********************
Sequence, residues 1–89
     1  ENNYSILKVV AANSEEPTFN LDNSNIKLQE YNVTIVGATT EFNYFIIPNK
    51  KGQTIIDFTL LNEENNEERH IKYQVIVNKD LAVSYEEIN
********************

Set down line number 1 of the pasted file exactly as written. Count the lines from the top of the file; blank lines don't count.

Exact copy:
Sequence, residues 1–89